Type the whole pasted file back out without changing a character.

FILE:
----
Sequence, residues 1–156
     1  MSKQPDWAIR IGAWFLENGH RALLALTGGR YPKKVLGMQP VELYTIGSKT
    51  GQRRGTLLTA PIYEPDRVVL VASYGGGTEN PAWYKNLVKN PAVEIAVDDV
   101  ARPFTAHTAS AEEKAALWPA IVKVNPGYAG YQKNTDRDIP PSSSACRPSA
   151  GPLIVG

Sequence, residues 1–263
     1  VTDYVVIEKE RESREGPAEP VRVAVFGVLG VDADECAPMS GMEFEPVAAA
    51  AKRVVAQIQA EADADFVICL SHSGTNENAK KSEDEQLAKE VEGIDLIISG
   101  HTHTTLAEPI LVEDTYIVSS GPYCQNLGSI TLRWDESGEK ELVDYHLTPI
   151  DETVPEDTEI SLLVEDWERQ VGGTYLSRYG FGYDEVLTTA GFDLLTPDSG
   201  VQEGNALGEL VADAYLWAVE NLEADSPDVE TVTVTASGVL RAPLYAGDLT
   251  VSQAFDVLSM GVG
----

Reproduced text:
Sequence, residues 1–156
     1  MSKQPDWAIR IGAWFLENGH RALLALTGGR YPKKVLGMQP VELYTIGSKT
    51  GQRRGTLLTA PIYEPDRVVL VASYGGGTEN PAWYKNLVKN PAVEIAVDDV
   101  ARPFTAHTAS AEEKAALWPA IVKVNPGYAG YQKNTDRDIP PSSSACRPSA
   151  GPLIVG

Sequence, residues 1–263
     1  VTDYVVIEKE RESREGPAEP VRVAVFGVLG VDADECAPMS GMEFEPVAAA
    51  AKRVVAQIQA EADADFVICL SHSGTNENAK KSEDEQLAKE VEGIDLIISG
   101  HTHTTLAEPI LVEDTYIVSS GPYCQNLGSI TLRWDESGEK ELVDYHLTPI
   151  DETVPEDTEI SLLVEDWERQ VGGTYLSRYG FGYDEVLTTA GFDLLTPDSG
   201  VQEGNALGEL VADAYLWAVE NLEADSPDVE TVTVTASGVL RAPLYAGDLT
   251  VSQAFDVLSM GVG